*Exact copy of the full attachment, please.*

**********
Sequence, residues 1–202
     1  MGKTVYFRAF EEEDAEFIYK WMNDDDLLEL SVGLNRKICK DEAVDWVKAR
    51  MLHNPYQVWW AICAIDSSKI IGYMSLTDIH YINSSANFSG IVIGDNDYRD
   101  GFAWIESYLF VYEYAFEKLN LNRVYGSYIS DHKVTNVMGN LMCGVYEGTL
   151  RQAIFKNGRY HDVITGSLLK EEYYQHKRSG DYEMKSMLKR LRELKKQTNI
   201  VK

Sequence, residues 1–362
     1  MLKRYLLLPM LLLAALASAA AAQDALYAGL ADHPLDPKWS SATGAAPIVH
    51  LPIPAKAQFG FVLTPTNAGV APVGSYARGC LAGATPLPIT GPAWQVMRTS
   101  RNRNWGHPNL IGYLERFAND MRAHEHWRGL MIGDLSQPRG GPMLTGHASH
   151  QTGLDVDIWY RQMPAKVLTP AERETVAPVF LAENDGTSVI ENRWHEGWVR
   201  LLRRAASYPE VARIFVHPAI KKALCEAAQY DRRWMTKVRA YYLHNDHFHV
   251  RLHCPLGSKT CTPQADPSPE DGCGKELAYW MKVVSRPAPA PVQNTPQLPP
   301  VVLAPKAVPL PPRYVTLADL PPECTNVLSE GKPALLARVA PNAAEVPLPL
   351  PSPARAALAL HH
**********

Sequence, residues 1–202
     1  MGKTVYFRAF EEEDAEFIYK WMNDDDLLEL SVGLNRKICK DEAVDWVKAR
    51  MLHNPYQVWW AICAIDSSKI IGYMSLTDIH YINSSANFSG IVIGDNDYRD
   101  GFAWIESYLF VYEYAFEKLN LNRVYGSYIS DHKVTNVMGN LMCGVYEGTL
   151  RQAIFKNGRY HDVITGSLLK EEYYQHKRSG DYEMKSMLKR LRELKKQTNI
   201  VK

Sequence, residues 1–362
     1  MLKRYLLLPM LLLAALASAA AAQDALYAGL ADHPLDPKWS SATGAAPIVH
    51  LPIPAKAQFG FVLTPTNAGV APVGSYARGC LAGATPLPIT GPAWQVMRTS
   101  RNRNWGHPNL IGYLERFAND MRAHEHWRGL MIGDLSQPRG GPMLTGHASH
   151  QTGLDVDIWY RQMPAKVLTP AERETVAPVF LAENDGTSVI ENRWHEGWVR
   201  LLRRAASYPE VARIFVHPAI KKALCEAAQY DRRWMTKVRA YYLHNDHFHV
   251  RLHCPLGSKT CTPQADPSPE DGCGKELAYW MKVVSRPAPA PVQNTPQLPP
   301  VVLAPKAVPL PPRYVTLADL PPECTNVLSE GKPALLARVA PNAAEVPLPL
   351  PSPARAALAL HH